Travis Ganong gets first World Cup super-G podium; Norwegian Kilde wins

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BEAVER CREEK, Colo. — A big day for Aleksander Aamodt Kilde — winning a World Cup super-G race less than a year after tearing a knee ligament — suddenly turned bittersweet: The Norwegian ski racer watched his good friend and teammate, Kjetil Jansrud, slide into the protective fencing after falling.

Jansrud, a five-time Olympic medalist, injured a knee and shoulder Friday but was able to get up and ski the rest of the way down the hill. He even made it over to congratulate Kilde before limping away.

“Sitting in the leader chair doesn’t really mean anything when your buddy’s crashing into the net and you see him get injured,” Kilde said. “Hopefully, he’s doing OK, but we’ll see.”

Kilde, the 2019-20 overall World Cup champion, finished a tricky and technical Birds of Prey course in 1 minute, 10.26 seconds to edge Swiss racer Marco Odermatt — the super-G winner the day before — by a scant 0.03 seconds. American Travis Ganong wound up third — he was second on the slope and his time held up for his first World Cup super-G podium.

A day after not finishing a super-G, Kilde made one slight adjustment: Toning down his aggressiveness.

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“Today, it worked really well and I’m happy with my performance,” said Kilde, who is dating U.S. skiing star Mikaela Shiffrin.

This was Kilde’s third race back since tearing his ACL during a training crash last January. He said this victory validates that he’s on the right path with the Winter Olympics in Beijing two months away.

The 29-year-old Kilde joins Bjarne Solbakken (2003) and Aksel Lund Svindal (2008) as the only Norwegian racers to capture a World Cup super-G in Beaver Creek.

“Amazing feeling,” Kilde said. “Just incredible.”

Following the race, Kilde’s thoughts were with Jansrud, who spun out while trying to make a hard right turn. He slid, hit his shoulder on the snow and bounced into the fence.

Kilde shielded his eyes as medical personnel attended to Jansrud, who was eventually able to stand and click back into his boots.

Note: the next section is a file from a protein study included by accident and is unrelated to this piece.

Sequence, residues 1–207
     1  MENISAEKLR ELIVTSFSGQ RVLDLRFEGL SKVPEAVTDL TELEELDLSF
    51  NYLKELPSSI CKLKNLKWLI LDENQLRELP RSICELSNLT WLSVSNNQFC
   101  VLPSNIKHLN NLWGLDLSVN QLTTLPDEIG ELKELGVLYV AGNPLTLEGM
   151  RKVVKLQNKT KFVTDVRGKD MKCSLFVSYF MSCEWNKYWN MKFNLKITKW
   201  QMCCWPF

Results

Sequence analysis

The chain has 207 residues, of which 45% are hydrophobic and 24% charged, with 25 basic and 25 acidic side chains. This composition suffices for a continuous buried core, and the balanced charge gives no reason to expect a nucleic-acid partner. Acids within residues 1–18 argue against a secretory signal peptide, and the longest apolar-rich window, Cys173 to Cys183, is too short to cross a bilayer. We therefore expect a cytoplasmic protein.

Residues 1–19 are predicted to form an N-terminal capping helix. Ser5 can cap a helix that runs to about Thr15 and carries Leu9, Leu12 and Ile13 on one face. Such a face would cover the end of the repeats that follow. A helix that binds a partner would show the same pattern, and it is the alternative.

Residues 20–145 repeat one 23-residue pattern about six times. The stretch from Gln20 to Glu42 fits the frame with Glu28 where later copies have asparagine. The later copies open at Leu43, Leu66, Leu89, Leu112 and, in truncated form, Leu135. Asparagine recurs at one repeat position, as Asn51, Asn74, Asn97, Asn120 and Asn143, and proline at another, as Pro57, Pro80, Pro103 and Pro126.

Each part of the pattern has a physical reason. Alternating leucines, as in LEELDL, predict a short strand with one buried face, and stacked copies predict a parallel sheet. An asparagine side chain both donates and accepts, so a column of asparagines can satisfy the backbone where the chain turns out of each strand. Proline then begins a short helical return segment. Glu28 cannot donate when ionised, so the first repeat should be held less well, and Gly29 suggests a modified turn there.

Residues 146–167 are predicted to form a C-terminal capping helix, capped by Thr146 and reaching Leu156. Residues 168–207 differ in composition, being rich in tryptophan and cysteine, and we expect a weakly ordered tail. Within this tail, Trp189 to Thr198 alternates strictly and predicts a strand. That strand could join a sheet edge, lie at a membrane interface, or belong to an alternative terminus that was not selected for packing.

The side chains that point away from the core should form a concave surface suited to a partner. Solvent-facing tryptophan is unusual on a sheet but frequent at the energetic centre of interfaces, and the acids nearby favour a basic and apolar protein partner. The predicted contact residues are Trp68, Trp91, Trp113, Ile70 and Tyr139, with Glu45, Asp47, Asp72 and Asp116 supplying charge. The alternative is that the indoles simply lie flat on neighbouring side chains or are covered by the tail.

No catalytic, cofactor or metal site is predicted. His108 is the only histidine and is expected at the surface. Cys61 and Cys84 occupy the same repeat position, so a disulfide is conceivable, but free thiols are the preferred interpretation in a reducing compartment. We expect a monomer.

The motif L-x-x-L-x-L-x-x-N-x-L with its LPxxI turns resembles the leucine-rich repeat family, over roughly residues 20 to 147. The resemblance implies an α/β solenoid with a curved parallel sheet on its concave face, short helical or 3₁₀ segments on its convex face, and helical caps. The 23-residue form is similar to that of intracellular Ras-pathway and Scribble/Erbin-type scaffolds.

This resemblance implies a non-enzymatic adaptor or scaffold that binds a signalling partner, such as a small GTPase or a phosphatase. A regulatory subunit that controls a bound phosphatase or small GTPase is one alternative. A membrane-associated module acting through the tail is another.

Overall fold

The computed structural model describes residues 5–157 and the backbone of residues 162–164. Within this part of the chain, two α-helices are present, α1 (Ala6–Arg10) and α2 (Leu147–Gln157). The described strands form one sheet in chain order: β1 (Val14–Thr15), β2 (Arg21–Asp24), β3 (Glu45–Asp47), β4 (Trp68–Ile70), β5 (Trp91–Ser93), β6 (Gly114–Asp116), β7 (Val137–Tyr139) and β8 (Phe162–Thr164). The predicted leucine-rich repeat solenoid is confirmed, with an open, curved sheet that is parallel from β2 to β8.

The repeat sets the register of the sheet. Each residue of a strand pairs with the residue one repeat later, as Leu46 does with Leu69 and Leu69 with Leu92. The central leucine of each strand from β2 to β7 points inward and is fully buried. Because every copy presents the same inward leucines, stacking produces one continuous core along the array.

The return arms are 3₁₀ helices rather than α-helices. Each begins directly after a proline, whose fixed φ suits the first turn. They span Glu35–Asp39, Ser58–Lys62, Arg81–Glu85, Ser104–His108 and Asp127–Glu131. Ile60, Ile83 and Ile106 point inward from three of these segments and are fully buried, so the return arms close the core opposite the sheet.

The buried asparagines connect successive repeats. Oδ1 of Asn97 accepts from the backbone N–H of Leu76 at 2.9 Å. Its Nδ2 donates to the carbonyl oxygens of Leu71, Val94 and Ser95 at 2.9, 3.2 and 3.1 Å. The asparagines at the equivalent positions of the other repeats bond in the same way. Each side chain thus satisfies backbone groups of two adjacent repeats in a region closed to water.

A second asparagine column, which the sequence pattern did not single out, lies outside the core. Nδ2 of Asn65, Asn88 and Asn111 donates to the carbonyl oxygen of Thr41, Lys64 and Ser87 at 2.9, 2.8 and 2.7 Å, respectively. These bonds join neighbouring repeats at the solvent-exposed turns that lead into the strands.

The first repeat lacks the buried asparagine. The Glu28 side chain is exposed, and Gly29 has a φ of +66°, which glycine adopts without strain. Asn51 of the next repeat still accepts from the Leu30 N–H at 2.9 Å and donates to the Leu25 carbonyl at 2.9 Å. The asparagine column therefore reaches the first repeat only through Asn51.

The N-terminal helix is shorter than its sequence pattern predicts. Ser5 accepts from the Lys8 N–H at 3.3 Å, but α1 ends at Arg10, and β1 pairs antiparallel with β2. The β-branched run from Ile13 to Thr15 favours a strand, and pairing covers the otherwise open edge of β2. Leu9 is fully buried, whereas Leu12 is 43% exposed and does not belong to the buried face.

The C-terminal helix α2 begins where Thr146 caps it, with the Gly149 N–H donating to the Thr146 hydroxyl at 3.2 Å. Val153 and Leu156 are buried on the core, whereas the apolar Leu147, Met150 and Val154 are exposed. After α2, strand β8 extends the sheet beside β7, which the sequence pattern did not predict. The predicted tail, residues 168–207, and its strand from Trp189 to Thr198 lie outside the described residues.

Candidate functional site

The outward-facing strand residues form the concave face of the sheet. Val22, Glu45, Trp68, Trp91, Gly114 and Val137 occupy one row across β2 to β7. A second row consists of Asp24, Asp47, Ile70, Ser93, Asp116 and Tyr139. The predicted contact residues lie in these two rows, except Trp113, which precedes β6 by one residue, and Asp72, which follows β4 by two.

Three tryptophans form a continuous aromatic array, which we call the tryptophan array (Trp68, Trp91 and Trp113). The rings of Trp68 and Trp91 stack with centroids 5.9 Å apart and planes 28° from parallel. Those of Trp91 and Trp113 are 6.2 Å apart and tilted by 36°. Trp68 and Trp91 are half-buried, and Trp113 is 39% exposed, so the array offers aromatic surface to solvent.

The Norwegian team said it would have an update on Jansrud’s condition Saturday.

Ganong became the first American to earn a spot on a super-G podium at Beaver Creek since 2015, when Ted Ligety was second and Andrew Weibrecht third. Ligety was part of the NBC Sports broadcast team for Friday’s race.

The 33-year-old Ganong said starting early helped him even if he didn’t have a course report.

“I actually love going early because I can kind of turn my brain off,” Ganong said. “That’s more when I have these special runs, is when I’m like more relaxed and just performing.”

This helped, too: Last spring at a training camp, he revamped his technique, being more patient coming out of turns and keeping his shoulders down and feet in good position.

Steadily, the new form is taking root. Ganong was 26th in a downhill in Lake Louise, Alberta, to start the season, 22nd in a super-G on Thursday and now on the podium.

“My whole career, I’ve been top-10, like, all the time, but not that many podiums,” Ganong said. “So I was like, ‘OK, let me try something new. Maybe it’ll make a difference.’ Today it paid off.”

Ganong’s result extended the U.S. men’s Alpine streak to 23 consecutive calendar years with at least one World Cup podium.

The Birds of Prey World Cup continues Saturday and Sunday with downhill races, airing on NBC Sports and Peacock.

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